A circuit diagram makes use of standardized symbols that represent electrical components or devices. It is easier to draw these symbols than drawing the concrete pictures of the components.
The actual components might change appearance as the electronics industry revises them or renders them obsolete. The diagrams describe the way in which the components are connected electrically. There are drawn lines that stand for wires or conductors between the appropriate connection points on the symbols; no particular type of wire or physical distance between components is implied; two components might be separated by a few inches or centimeters or a meter or feet.
ConceptDraw PRO provides templates and samples of technical drawings and engineering diagrams (electrical schematics, digital and analog logic, circuit and wiring schematics and diagrams; power systems diagrams; maintenance and repair diagrams for electronics and electrical engineering; block flow and process flow diagrams, piping and instrumentation diagrams for chemical and process engineering; part, assembly, pneumatic, and hydraulic systems drawings for mechanical engineering).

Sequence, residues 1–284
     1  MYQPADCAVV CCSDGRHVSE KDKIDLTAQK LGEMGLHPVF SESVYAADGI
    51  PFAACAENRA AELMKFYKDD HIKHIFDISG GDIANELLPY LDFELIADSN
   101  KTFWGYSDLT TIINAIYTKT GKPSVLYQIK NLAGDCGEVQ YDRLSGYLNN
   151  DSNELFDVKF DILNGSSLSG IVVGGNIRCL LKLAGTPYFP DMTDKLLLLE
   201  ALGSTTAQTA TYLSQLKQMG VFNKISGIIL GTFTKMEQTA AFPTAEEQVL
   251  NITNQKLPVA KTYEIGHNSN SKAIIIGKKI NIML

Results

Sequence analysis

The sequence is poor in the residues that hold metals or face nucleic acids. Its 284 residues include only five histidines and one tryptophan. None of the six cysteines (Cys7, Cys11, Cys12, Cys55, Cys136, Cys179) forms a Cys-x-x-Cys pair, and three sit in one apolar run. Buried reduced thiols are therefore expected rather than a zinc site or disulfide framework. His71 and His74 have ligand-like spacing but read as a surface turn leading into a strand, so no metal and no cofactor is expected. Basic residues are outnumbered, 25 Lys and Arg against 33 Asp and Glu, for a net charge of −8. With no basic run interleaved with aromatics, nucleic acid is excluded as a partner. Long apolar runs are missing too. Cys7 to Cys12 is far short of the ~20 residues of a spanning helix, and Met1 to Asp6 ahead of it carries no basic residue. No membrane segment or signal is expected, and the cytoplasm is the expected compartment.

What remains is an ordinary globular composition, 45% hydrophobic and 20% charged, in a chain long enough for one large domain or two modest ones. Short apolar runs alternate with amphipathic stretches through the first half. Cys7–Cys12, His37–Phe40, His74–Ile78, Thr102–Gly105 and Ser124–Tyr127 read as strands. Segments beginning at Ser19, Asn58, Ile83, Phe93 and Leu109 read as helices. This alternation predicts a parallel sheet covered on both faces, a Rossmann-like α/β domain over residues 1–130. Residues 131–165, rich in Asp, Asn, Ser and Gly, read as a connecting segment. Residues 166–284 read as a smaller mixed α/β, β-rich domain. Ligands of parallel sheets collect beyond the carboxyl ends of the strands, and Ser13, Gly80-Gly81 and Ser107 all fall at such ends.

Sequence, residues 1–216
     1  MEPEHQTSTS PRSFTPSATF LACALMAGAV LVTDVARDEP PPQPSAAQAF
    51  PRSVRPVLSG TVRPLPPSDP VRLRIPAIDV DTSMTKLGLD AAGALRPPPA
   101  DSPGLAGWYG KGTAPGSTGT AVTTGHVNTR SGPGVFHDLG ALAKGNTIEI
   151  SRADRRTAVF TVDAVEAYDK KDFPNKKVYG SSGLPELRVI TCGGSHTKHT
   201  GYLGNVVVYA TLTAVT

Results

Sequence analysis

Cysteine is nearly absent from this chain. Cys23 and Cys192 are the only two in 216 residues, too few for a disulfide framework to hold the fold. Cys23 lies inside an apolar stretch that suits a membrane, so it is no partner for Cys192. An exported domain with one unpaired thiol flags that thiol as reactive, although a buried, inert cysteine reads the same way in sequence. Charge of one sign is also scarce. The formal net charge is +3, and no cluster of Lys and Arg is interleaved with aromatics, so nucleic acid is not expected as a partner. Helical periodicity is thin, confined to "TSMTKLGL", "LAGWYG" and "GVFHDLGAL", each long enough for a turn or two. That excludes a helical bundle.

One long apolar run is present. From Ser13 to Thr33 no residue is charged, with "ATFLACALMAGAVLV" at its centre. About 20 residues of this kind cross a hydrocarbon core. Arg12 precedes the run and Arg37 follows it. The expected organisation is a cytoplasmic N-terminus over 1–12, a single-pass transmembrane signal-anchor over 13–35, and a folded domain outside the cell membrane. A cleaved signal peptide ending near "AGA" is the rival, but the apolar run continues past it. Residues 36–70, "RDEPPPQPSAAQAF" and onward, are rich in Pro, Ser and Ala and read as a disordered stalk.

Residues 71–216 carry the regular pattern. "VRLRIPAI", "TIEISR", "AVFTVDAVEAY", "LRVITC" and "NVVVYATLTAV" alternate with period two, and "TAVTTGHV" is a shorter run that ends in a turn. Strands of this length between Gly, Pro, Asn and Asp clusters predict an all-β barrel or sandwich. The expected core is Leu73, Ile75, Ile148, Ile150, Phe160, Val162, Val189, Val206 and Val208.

Originally posted on thisbitbytes:
As mentioned in our earlier post on OAIS workflows, this week we also looked at creating an AIP (Archive Information package). An AIP combines the target object for preservation, along with the metadata necessary to both access and preserve it within an OAIS system. We chose to use a pdf of an Ordnance Survey Map as we felt that this item was a good (nice and simple!) example of a digital item which may require ingest into an OAIS.
It was interesting to get an idea of just how much metadata and information should be recorded alongside the data object itself. What we provided was in no way exhaustive, and there are undoubtedly lots of bits of metadata which fall within the Preservation Description Information which would be specific to context. For example, it may include details of actions which have occurred…
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